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Baroness Royall of Blaisdon: My Lords, Amendment No. 35 is intended to enable a list of approved providers of legal advice to be held by more than one person specified in secondary legislation, as the noble Earl has explained. In fact, we believe that the amendment is not necessary to achieve this effect because, as a result of the Interpretation Act, references such as "a specified person" in Clause 8(2) are also taken to include a reference to more than one specified person. It would therefore be open to the Secretary of State under the Bill as currently drafted to specify more than one person to prepare the list of those who could provide legal advice in relation to the scheme, if that was what was required.

6.45 pm

Earl Howe: My Lords, I accept that the amendment is, strictly speaking, unnecessary. It was designed as a device by which I could present an argument to the Minister about the Legal Services Commission and perhaps the alternative model that I had in mind. However, I see that my remarks fell on stony ground. I would just like to seed the thought in the Minister's mind that when the Government consult on this issue, they take into account the points that I have made. I have nothing against the Legal Services Commission; I simply do not think that its role lends itself to the kind of outcome that we all want. I understand that the Government may need a little persuading. I hope, however, that they will reflect on the matter. In the mean time, I beg leave to withdraw the amendment.

Amendment, by leave, withdrawn.

Clause 10 [Scheme members]:

Lord Warner moved Amendment No. 36:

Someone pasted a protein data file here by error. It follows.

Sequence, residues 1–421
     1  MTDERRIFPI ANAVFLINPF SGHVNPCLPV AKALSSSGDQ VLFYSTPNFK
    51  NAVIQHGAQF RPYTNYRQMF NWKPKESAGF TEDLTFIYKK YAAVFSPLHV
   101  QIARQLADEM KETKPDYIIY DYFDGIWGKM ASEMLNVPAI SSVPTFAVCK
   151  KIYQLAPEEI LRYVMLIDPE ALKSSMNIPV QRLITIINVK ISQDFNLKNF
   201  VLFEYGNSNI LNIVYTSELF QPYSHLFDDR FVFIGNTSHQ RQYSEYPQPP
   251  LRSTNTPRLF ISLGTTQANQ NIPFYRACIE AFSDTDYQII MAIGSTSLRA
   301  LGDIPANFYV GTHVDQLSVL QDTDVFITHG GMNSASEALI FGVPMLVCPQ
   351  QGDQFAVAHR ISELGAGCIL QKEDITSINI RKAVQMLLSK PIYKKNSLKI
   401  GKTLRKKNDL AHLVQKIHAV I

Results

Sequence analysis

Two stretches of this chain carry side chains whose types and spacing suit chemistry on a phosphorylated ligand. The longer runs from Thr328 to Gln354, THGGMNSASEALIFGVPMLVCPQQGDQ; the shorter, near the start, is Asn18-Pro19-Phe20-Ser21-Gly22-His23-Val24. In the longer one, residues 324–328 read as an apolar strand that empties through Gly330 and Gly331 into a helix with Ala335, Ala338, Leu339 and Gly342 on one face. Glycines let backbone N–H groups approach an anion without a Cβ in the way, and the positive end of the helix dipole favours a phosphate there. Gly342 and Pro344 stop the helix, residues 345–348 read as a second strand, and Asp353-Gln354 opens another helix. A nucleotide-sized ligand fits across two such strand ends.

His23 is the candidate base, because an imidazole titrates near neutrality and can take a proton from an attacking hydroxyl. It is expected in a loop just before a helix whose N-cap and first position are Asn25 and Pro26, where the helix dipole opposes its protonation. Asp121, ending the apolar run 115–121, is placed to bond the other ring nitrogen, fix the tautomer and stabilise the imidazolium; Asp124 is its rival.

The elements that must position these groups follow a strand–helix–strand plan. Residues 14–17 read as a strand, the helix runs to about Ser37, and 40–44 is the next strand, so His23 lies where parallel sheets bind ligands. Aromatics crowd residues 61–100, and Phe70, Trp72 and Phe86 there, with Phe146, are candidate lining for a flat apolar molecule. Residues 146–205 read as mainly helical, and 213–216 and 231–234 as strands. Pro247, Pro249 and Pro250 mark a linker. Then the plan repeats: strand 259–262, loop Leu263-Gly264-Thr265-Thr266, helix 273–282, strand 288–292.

"( ) require a member of the scheme to prepare and publish an annual report about such cases and the lessons to be learnt from them."

On Question, amendment agreed to.

[Amendments Nos. 37 and 38, as amendments to Amendment No. 36, not moved.]

Clause 11 [Scheme authority]:

Earl Howe moved Amendment No. 39:


 
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The noble Earl said: My Lords, I spoke to this amendment as part of an earlier group, and I beg to move.

On Question, amendment agreed to.

Baroness Barker moved Amendment No. 40:

The noble Baroness said: My Lords, I return briefly to the subject of how the lessons which have to be learnt and the redress scheme which will be operated by individual NHS bodies will be reviewed. The purpose of the amendments is to ensure that the Healthcare Commission has the power to monitor the scheme and to produce an annual review, and that the commission's work will reflect on the independence and the dissemination of training, performance and best practice in individual trusts.

This is yet another way of trying to get to the heart of all this, in that lessons will not be learnt and good practice in developing the culture of learning in the NHS will not happen unless there is a reason for individual trusts to do so. We believe that incorporating that into a review will set up the learning culture which the Minister has referred to before. I beg to move.

Lord Warner: My Lords, Amendment No. 40 seeks to extend the functions of the scheme authority, enabling the scheme to provide that the scheme authority shall not only monitor the carrying out of functions under the scheme by scheme members but provide an annual review of those members.

As noble Lords will be aware, I have taken on board concerns expressed in Committee about the need for an independent check on performance in the operation of the redress scheme. I have proposed that consideration of the effectiveness of the operation of the NHS redress scheme, including investigations carried out under it, be included as part of the Healthcare Commission's annual review of the provision of healthcare by and for NHS bodies. The Healthcare Commission currently carries out an annual review of the provision of healthcare, under powers contained in Section 50 of the Health and Social Care (Community Health and Standards) Act 2003. It takes into account the statement of standards set by the Secretary of State; those core standards are set out in Standards for Better Health. The intention is that when Standards for Better Health is reviewed, the Secretary of State will include a new standard relating to redress.